Week 9–11 | Research Activities + Artifact Reviews

10.19.20–11.09.20

In these last few weeks, I have been busy finalizing my IRB protocol for my expert interviews and student survey and I have also begun developing a process for analyzing my artifact reviews.

Since October I have scheduled 5 total interviews — and conducted 2. From the two interviews that I conducted one with an academic advisor at CMU and one with a Job Developer at a Trade School two things that stood out to me were being the importance of having the ability to connect with someone as well as the power to foster and develop peer connections and a support system. In one of my conversations, it was really powerful to hear that the trade school program conducts daily group circles where individuals share what they are thankful for and how this manifests over the 10-week program. In this space, individuals are able to build their own self-confidence, build connections with others, and can share their accomplishments while acknowledging others' success.

Mentorship, guidance, and support is something that has begun to surface as a theme or opportunity that I may like to pursue as my research efforts continue to develop.

I think these connections are so important — and oftentimes we are navigating these paths independently on our own. Even if students are meeting with a counselor or a mentor they are still having to process this information in their own silo. Community engagement and peer acknowledgments or affirmations can be powerful tools in initiating self-confidence and enabling individuals to make decisions that benefit themselves and the path they are trying to follow.

Over the next couple weeks, I am really looking forward to conducting some additional expert interviews with academic and career counselors and seeing what themes have begun to emerge in the survey that I am conducting with students — more to come in the coming weeks!

In the meantime, I wanted to highlight one of the artifacts I stumbled upon this week called Roadtrip Nation.

Image Courtesy of Roadtrip Nation

Roadtrip Nation is an organization that has dedicated itself to helping individuals find their career and life purpose. In a fleet of RV’s RoadTrip Nation travels around the world interviewing individuals as well as filming stories that speak to an individual's life/career journey.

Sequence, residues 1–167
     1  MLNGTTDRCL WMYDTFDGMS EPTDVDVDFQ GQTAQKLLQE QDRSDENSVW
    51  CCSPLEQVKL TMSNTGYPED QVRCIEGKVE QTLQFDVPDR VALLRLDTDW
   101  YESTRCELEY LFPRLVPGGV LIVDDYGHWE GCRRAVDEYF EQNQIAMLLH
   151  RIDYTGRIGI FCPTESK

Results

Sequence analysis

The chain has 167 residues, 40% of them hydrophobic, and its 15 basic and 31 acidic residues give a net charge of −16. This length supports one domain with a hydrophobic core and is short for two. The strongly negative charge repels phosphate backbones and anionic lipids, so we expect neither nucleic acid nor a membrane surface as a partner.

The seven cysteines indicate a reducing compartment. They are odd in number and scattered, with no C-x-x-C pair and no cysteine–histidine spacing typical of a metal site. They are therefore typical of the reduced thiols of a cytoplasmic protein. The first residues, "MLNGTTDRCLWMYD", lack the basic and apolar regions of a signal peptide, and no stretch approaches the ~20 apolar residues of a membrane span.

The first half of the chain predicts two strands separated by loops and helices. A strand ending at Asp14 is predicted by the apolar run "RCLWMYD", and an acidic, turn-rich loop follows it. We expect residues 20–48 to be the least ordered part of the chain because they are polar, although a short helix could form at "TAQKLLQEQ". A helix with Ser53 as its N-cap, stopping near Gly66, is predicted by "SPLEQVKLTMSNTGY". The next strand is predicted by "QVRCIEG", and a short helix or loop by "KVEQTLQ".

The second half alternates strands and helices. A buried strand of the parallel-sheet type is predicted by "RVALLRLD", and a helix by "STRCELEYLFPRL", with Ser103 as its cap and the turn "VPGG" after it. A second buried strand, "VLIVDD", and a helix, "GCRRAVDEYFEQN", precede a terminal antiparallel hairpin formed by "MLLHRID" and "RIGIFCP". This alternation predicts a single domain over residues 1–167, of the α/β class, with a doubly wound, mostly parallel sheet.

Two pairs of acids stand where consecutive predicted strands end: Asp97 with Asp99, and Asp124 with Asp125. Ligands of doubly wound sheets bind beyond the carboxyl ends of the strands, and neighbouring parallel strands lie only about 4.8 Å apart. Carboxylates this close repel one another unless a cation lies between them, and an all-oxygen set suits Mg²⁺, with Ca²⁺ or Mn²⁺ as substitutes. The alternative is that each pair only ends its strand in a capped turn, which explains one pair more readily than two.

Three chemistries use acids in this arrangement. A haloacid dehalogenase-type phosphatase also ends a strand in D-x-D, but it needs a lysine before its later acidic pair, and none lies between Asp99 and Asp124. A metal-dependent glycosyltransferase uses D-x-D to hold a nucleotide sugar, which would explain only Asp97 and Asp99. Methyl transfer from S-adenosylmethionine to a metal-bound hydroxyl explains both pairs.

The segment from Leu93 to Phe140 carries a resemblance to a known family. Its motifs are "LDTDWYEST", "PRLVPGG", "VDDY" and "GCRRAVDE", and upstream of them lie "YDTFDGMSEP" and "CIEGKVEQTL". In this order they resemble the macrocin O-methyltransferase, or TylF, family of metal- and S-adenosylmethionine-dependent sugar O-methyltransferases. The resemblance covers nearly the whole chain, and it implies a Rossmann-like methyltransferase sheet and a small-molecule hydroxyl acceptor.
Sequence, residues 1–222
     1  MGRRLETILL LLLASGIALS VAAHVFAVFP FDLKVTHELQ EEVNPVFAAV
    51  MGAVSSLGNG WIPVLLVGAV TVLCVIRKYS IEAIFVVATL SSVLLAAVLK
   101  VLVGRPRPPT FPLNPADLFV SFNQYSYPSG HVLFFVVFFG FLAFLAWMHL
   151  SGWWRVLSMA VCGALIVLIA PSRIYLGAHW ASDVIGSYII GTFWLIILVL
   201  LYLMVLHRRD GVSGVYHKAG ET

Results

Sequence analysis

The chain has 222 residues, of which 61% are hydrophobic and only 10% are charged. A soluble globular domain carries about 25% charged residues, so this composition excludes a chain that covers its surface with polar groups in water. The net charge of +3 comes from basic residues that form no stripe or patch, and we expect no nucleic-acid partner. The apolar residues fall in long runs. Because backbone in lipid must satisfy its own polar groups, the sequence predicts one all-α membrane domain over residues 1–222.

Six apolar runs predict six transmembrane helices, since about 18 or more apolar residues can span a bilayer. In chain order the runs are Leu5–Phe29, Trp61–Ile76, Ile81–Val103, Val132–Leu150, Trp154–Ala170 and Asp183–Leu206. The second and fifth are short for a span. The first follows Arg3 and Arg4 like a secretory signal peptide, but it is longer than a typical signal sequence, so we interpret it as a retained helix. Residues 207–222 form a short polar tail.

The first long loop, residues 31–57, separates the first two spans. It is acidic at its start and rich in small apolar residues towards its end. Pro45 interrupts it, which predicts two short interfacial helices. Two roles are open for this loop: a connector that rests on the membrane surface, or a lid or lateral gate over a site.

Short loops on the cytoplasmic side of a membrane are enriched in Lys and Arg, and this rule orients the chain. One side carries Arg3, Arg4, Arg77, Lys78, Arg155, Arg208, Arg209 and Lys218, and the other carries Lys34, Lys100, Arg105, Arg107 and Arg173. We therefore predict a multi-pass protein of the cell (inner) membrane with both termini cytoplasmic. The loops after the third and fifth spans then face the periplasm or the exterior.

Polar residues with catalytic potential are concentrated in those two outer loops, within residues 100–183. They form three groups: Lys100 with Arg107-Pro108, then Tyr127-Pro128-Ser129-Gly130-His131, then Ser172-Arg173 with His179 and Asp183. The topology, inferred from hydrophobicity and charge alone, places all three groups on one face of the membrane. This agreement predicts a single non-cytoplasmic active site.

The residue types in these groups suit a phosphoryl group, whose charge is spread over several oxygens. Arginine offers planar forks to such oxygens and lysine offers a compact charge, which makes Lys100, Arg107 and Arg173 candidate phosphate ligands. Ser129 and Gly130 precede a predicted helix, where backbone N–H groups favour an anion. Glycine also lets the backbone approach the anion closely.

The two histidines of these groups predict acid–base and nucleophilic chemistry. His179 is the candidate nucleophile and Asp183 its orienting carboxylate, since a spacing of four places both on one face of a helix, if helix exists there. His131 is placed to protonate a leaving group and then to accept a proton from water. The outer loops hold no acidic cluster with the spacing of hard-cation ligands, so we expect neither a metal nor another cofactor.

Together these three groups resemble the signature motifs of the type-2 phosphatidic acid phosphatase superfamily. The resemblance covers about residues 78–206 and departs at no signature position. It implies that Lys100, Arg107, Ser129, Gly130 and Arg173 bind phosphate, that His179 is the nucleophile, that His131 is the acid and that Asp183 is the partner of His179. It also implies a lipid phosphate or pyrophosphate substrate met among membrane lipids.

Image Courtesy of Roadtrip Nation

I stumbled upon the site originally when looking at the BigFuture Career Planning Page on the College Board’s official website. The College Board partnered with Roadtrip Nation to develop a tool called Career Finder.

Image Courtesy of Roadtrip Nation

The difference between this tool and the design of the College Board’s website was like a complete 180 — I found myself asking myself “ is this the same website?” Especially because the visual identities between the two were so different.

This is where I found that this product was actually a partnership development between the College Board and Roadtrip Nation.

Initial thoughts I had were that this product looked cool, youthful, and something that I wanted to explore and engage with.

Images Courtesy of Roadtrip Nation

First, the experience takes you through a survey plus an activity where you identify themes within your three key areas of interest.

These selections then help the Career Finder curate the content within Career Finder so it's made “just for you”!

Image Courtesy of Roadtrip Nation

From here students are able to review and explore careers, majors, and leaders in the industry of careers that match their interests.

Image Courtesy of Roadtrip Nation

As students dive deeper into the application they are able to view videos, milestones, personal hurdles, and educational and career journeys of professionals in the field that are referred to as leaders.

Images Courtesy of Roadtrip Nation

As a final step students are then encouraged to “star” or save careers that are cached on their dashboard to provide them the building blocks to plan for their future.

Images Courtesy of Roadtrip Nation

Personally, this is where I felt the experience fell flat — everything leading up until this point was really visually engaging, dynamic, and interactive and then this step felt very forced — static and underwhelming.

At the end of the experience, students complete the ‘make a plan process’ and then they are supplied with a PDF checklist to help them achieve their goals.

Things to Consider

  • Visual Design- I believe this is an example where the look and feel is very successful in engaging a younger audience.
  • Digital Design & Application- The UI is “ok” but could be better…I appreciate the breadth of information that they are able to provide students on professionals in the real world — It really helps make these dreams or possibilities seem more tangible, I just wish it was easier to follow.
  • Community & Engagement Among Individuals-Aside from the LinkedIn link associated with each “Lead” profile. There are not a lot of opportunities for students to engage with the content or even communicate with other students that may have similar or like interests.

* I see this as an opportunity to build further support systems among peers.

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